A quick hunt around online for an alternateive gave me Ready to Run Software’s site, which frankly looks suprisingly unprofessional if you believe that they are actually working with Microsoft.  I don’t know whether they are or not, but they do seem to be the sole supplier of a ported version of FrontPage Server Extensions for Windows Server 2008.

All credit to them, their port of it does seem to work, although I did get an error “unable to read configuration for Microsoft Internet Information service” when I tried to install it, but their FAQ deals with that.  I managed to get it working, although it is a real pain in the neck that you have to be logged in as Administrator and not just an administrator!

The problem I had was managing the FrontPage settings for the website itself – I wanted to add another user.  I couldn’t seem to log in to the site admin – it wouldn’t authenticate me whatever username I used or whoever I made the web administrator.   The only solution I found was to use owsadm.exe, which took a bit of hunting around for how to do it.

First of all, I found it in C:\Program Files (x86)\Common Files\microsoft shared\Web Server Extensions\50\bin\

Secondly, I needed to work out how to call it.  It isn’t very well documented, but you need to do something like this…

owsadm -o roleusers -c add -u username -m domainname -web /subweb -name Admin

replace username and domainname as appropriate, and /subweb with the path to the subweb that you want to add the user to.  That can just be / for the root web.  You can replace Admin if you don’t want to use the administrative role for your new user.  I’m not sure what the other role names are.

Debugging .NET Framework Source Code

Thursday, May 1st, 2008

I’ve just set up this from Shawn Burke’s blog, and it seems to work.  Should make life easier when I hit something that I can’t work out why it is failing in the .NET framework!

.NET Compilation Part 1: Profiles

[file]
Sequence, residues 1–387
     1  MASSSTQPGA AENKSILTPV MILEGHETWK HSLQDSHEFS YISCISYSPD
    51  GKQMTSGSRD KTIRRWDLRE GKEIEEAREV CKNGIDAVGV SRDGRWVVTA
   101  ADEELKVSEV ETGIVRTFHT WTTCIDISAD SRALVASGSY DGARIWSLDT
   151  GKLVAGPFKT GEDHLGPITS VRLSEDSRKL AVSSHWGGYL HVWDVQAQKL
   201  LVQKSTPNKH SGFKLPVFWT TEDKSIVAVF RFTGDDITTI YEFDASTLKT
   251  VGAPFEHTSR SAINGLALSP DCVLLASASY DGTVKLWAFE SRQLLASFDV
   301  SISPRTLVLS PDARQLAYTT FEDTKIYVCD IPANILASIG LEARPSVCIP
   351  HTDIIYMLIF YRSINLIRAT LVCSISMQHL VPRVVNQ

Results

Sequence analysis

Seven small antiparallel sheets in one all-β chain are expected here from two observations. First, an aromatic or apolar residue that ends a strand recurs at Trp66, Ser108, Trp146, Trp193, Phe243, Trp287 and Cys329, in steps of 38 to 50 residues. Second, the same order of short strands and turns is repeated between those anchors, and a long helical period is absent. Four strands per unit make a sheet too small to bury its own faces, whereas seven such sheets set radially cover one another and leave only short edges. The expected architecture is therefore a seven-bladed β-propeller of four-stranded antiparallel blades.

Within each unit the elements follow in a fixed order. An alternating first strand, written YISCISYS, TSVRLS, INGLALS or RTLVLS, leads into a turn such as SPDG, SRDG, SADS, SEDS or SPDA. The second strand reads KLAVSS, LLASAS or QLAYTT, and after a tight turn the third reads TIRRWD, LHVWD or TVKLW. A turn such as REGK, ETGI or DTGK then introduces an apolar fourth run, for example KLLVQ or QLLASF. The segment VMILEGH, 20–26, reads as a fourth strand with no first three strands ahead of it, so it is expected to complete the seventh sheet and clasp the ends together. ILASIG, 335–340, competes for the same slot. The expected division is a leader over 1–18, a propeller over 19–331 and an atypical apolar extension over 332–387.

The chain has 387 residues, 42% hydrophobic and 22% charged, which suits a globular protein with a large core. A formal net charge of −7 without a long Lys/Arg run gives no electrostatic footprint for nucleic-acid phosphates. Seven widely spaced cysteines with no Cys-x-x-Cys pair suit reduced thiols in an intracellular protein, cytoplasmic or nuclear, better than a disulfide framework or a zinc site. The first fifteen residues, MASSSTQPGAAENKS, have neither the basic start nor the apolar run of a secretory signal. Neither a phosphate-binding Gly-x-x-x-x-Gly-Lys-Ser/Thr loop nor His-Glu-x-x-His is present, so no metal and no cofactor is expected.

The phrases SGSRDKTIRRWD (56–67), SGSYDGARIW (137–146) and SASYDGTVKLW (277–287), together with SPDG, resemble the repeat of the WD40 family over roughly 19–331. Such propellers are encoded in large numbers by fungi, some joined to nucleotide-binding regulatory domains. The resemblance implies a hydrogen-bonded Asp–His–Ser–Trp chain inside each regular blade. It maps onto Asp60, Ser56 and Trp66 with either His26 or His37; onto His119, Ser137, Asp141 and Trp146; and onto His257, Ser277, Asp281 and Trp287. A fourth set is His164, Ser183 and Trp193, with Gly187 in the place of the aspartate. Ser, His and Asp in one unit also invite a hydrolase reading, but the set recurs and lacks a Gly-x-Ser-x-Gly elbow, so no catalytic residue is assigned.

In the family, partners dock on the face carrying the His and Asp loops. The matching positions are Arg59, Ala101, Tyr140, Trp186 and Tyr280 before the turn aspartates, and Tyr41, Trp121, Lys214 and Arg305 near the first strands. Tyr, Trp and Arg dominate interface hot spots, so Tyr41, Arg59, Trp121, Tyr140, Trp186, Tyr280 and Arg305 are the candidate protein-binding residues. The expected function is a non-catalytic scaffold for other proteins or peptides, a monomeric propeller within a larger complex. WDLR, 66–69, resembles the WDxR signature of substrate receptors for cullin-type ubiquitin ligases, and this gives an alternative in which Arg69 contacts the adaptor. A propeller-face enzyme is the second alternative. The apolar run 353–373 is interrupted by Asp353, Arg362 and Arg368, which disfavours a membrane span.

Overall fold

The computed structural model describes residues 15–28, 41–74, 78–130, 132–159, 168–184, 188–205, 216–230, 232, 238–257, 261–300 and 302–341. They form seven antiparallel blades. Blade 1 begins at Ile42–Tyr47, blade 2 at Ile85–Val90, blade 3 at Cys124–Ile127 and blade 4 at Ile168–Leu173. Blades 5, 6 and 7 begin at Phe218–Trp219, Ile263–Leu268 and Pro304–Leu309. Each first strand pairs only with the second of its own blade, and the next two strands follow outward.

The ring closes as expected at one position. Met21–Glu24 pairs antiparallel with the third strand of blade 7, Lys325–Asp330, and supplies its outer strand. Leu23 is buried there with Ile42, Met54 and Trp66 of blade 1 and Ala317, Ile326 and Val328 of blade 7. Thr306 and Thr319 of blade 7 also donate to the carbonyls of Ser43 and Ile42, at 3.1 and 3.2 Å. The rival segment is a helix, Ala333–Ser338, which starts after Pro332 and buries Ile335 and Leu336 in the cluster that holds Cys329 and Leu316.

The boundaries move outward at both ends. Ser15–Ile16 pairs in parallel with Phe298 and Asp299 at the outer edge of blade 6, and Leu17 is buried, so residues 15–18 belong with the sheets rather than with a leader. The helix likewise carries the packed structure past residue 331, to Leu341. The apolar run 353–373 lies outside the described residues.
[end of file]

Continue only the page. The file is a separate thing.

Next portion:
Tuesday, March 18th, 2008
This entry is part of a series, .NET Compilation»

You may have noticed that in Visual Studio, most projects start off with Debug and Release profiles. This is used to control the way that the code is compiled.  By default, Debug mode creates a pdb file and compiles the code to allow it to be used.  A pdb file contains information which will help you debug the program, such as information about how the source code maps to the compiled code.  This means that eg. when you get an Exception, the StackTrace property will give you information including line numbers.

On the other hand, a Release profile is much more optimised, both in terms of file size and code speed.  However, it is entirely up to you whether you ship a Debug application.  I wouldn’t recommend it for a large number of users, but for a constantly changing application in a small office, full stack traces with line numbers can be useful to find bugs that are difficult to trace.

Checking if a Debugger is Running in .NET

Monday, March 17th, 2008

System.Diagnostics.Debugger.IsAttached will return True if a debugger is running.  Note that this is completely different to compiling in Debug mode, and you can’t use this function to test for that.  Conditional compilation is more suited (coming soon).

Here Comes the VAT

Monday, March 17th, 2008

Looks like when I wrote this, I spoke too soon.  My VAT bill has just arrived for just over £50.  I can’t complain too much though – it is still about £200 cheaper than buying it here!


Sunday, March 16th, 2008